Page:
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[1/26/17]  What timing! Less than one week after U.S. President Donald Trump’s inauguration, Germany announced it will do away with the portion of its criminal code that makes it illegal to insult a foreign leader by Jan. 1, 2018.

The regulation, described by Justice Minister Heiko Maas as “obsolete and unnecessary,” is infrequently used, though it was invoked last year after comedian Jan Boehmermann read an “obscene poem” about Turkish President Recep Tayyip Erdogan on television. The case was dropped due to “lack of evidence,” although Erdogan still has a civil suit against the comedian, which will be decided in Hamburg on Feb. 10.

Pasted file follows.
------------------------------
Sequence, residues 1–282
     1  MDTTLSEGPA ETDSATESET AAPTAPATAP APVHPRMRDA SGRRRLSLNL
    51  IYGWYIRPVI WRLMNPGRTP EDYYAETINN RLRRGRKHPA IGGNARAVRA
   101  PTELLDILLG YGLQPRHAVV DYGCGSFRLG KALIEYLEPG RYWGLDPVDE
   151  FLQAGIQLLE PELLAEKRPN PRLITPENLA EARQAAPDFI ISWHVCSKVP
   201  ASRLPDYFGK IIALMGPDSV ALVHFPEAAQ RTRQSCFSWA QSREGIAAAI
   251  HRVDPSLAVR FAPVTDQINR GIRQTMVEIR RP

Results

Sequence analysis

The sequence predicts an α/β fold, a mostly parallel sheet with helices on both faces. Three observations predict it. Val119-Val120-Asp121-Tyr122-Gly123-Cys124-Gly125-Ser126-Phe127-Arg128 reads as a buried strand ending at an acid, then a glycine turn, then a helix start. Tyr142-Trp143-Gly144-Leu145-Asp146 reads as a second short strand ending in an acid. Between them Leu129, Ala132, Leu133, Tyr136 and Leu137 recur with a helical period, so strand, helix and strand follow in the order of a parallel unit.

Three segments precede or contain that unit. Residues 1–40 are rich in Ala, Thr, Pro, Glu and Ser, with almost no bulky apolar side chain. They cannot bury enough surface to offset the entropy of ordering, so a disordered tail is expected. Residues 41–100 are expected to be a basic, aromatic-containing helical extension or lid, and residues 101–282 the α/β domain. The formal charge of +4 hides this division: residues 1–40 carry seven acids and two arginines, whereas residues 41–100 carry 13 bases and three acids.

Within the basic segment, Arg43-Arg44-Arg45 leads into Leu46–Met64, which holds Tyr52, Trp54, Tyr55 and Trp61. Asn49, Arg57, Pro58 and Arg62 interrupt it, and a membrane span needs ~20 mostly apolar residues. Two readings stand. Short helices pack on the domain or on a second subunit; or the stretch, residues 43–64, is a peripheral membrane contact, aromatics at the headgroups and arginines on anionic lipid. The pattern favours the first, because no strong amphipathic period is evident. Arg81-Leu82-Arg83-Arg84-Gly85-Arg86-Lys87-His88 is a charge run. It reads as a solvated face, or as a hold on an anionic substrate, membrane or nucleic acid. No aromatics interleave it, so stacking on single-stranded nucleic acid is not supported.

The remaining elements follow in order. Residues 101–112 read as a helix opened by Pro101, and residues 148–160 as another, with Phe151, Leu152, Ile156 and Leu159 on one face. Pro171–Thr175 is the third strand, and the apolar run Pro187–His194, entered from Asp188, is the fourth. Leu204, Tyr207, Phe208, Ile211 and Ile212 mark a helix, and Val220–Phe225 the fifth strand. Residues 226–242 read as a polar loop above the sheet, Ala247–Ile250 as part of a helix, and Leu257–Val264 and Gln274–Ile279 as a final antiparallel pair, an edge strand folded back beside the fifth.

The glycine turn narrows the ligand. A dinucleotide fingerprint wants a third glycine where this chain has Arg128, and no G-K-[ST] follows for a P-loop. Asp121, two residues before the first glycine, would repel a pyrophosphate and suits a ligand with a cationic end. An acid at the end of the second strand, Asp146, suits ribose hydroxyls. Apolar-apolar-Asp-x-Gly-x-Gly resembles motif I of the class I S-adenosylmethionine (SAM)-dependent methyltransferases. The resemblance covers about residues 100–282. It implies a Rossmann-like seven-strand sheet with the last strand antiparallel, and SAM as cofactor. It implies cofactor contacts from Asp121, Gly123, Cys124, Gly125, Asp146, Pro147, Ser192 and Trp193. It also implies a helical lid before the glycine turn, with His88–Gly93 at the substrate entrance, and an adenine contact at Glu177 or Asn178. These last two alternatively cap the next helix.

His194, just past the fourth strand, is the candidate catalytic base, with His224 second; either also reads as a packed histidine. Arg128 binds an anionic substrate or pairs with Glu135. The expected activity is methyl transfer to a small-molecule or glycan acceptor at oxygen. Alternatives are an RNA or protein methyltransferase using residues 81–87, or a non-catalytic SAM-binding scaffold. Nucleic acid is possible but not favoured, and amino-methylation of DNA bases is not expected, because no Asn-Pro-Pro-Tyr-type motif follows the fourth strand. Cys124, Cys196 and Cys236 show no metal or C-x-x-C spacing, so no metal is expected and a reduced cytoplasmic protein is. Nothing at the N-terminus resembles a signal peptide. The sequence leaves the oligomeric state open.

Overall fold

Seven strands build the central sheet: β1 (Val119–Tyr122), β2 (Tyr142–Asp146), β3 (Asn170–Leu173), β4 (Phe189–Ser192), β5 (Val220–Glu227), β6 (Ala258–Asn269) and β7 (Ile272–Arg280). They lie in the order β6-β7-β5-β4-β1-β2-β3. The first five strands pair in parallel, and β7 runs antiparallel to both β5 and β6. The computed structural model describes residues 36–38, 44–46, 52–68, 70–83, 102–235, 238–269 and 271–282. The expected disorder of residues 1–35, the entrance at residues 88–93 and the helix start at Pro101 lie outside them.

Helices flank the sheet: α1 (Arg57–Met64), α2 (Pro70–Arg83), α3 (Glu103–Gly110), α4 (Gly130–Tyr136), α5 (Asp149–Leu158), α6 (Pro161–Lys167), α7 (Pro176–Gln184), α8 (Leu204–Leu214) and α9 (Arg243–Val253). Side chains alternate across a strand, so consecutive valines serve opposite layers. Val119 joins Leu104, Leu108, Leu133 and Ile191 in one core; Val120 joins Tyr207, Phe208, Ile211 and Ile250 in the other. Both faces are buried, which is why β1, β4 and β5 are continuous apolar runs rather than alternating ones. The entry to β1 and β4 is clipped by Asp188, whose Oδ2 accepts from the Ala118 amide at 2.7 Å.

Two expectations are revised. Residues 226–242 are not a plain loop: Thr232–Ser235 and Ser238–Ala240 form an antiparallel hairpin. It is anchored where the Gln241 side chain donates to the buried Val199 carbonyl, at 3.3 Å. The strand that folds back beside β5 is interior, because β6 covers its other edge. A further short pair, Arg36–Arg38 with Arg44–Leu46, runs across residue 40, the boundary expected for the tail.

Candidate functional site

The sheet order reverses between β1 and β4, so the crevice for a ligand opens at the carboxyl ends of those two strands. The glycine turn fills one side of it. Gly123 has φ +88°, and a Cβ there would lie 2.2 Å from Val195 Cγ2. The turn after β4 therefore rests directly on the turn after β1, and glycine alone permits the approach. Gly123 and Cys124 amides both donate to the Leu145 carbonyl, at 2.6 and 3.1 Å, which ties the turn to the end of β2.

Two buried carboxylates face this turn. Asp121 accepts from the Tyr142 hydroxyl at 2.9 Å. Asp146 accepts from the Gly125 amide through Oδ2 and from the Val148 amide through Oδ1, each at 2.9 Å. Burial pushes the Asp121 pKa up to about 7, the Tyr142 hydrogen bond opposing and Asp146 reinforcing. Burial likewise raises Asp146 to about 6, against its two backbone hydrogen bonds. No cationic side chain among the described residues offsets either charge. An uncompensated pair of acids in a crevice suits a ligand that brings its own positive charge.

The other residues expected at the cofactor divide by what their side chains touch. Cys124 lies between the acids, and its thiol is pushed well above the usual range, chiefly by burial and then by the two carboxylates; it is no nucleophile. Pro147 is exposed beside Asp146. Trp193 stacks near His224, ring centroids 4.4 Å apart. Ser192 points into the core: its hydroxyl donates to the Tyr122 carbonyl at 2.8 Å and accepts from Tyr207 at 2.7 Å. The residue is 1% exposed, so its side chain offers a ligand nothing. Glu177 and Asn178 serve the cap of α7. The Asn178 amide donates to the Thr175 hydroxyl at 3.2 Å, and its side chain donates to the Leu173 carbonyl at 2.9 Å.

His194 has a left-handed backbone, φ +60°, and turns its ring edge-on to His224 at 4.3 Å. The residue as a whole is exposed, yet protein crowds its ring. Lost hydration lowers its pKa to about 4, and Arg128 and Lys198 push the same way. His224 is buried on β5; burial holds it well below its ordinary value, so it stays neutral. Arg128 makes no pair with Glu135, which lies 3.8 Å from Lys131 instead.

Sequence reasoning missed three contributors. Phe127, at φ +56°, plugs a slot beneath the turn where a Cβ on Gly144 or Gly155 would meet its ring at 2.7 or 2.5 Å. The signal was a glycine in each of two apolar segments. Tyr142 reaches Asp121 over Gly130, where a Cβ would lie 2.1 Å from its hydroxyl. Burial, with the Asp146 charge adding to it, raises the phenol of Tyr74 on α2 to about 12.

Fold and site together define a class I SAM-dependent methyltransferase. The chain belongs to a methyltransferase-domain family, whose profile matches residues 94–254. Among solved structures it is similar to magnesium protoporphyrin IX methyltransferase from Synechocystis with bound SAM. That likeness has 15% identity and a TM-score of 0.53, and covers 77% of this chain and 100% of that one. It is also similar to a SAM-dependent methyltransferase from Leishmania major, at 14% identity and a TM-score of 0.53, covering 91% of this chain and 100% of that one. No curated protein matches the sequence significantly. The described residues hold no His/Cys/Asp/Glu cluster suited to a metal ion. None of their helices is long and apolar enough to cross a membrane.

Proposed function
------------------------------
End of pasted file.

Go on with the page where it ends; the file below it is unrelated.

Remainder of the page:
Perhaps Germany, independent of anything happening in the wider world, just decided the time had come to do away with the law. Or perhaps Maas noted that the new president of the United States takes to Twitter to insult the cast of comedy program Saturday Night Live. Who knows!

It is not all light-hearted jokes at foreign leaders’ expense in Germany, though. On Thursday, Deutsche Welle reported that German media found that, in 2016, roughly half of all right-wing extremists were prone to violence, and that the number of right-wing extremists is increasing.

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